Two International Space Station crew members will head out Saturday morning for a spacewalk to address an ammonia leak in the orbiter's cooling system, an emergency that forced NASA officials to work round-the-clock to hatch a plan.
First detected early Thursday morning, the leak was causing ammonia to enter space -- which could be seen in the form of "flakes of snow" -- at a rate of 5 pounds per day, said Mike Suffredini, NASA's space station program manager. Ammonia is used to cool each of the solar arrays that provide electricity to station systems.
The discovery spurred teams at NASA, over a busy 24-hour stretch, to go into "a full-court press to understand what the failure is" and how to address it, NASA flight director Norm Knight said at a Friday news conference.
The space station's six-man crew is in "good spirits" in anticipation of the spacewalk, added Knight, a sentiment echoed by a tweet Friday afternoon by its commander.
"This type of event is what the years of training were for," wrote Cmdr. Chris Hadfield of Canada. "A happy, busy crew, working hard, loving life in space."
Hours earlier, Hadfield wrote on Twitter that his crew was planning for a Saturday spacewalk to be conducted by NASA astronauts Chris Cassidy and Tom Marshburn.
Hadfield -- who is with the Canadian Space Agency -- spent Friday preparing for his role as choreographer of the spacewalk, while Cassidy and Marshburn worked in an airlock to check out the spacesuits they will wear in space, among other tasks.
Cassidy and Marshburn have done two spacewalks apiece, working together both times in 2009 while on a space shuttle Endeavour mission to the space station.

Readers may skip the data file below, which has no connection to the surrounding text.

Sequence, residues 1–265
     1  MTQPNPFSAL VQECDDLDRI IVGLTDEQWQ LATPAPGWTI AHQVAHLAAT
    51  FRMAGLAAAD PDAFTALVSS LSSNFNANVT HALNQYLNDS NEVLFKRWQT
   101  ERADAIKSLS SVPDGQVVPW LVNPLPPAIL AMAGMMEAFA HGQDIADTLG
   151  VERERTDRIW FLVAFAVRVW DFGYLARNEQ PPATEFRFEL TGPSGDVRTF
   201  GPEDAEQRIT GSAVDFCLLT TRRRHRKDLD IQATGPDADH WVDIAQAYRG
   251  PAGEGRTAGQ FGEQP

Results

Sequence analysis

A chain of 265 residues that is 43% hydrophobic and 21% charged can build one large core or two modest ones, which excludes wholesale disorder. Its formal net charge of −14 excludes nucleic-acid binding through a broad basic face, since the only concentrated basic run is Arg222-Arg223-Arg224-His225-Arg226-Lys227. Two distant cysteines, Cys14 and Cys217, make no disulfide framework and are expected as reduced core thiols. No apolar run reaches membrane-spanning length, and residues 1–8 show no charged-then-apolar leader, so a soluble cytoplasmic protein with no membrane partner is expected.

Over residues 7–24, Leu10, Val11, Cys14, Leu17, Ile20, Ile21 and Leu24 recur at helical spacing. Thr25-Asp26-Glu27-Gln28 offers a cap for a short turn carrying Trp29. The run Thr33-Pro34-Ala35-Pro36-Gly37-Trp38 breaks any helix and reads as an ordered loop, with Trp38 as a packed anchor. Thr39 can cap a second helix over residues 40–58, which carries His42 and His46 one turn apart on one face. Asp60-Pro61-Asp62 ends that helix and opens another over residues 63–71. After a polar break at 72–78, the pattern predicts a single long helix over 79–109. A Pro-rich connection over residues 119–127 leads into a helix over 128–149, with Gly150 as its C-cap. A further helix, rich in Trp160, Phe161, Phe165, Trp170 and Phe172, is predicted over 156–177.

"Since the crew is prepared and our ops team is ready to go, we're going to try to get them outside," said Suffredini.
Scheduled to wake up at 2 a.m. ET, the astronauts will begin their formal preparations about 1 hour and 15 minutes later, Knight said. A hatch will open around 8:15 a.m., sometime after which Cassidy and Marshburn will start moving along a truss the 150 feet out to the site of the leak on the space station's U.S. segment.
Once there, Knight explained, the astronauts will do a "visual inspection" of the leak -- the location of which space agency officials have "narrowed down" thanks to imagery, though Suffredini notes any cracks may be "very, very small." They will also check and possibly replace a pump controller box on the truss, which NASA explains is "the oldest component of the station's backbone."
The entire walk is expected to take about 6½ hours.
The space station's crew, which also includes three Russian cosmonauts, is not in danger from the leak, NASA has said. Moreover, the agency has said the rest of the orbiter is otherwise operating normally.
The leak is in a cooling loop in a solar array that has leaked before. NASA said crew members tried to fix a leak in November. It's unclear whether this is the same leak or a new one.
The ammonia coolant for the power channel, one of eight used to supply electricity to the station, is likely to run out by late Friday morning and it will be shut down, NASA said.
"It is a serious situation, but between crew and experts on the ground, it appears to have been stabilized," Hadfield tweeted Thursday.
In the Friday news conference, NASA's Suffredini said the spacewalk and ammonia leak won't affect the departure -- scheduled for Monday at 7:08 p.m. ET -- of Hadfield, Marshburn and Russian cosmonaut Roman Romanenko.
Three crew members, Cassidy and Russian cosmonauts Alexander Misurkin and Pavel Vinogradov, will remain on the space station when the others leave.
They will be joined at the end of the month by three new crew members: NASA astronaut Karen Nyberg, Russian cosmonaut Fiyodor Yurchikhin and European Space Agency astronaut Luca Parmitano, who are due to launch aboard a Russian Soyuz spacecraft on May 28.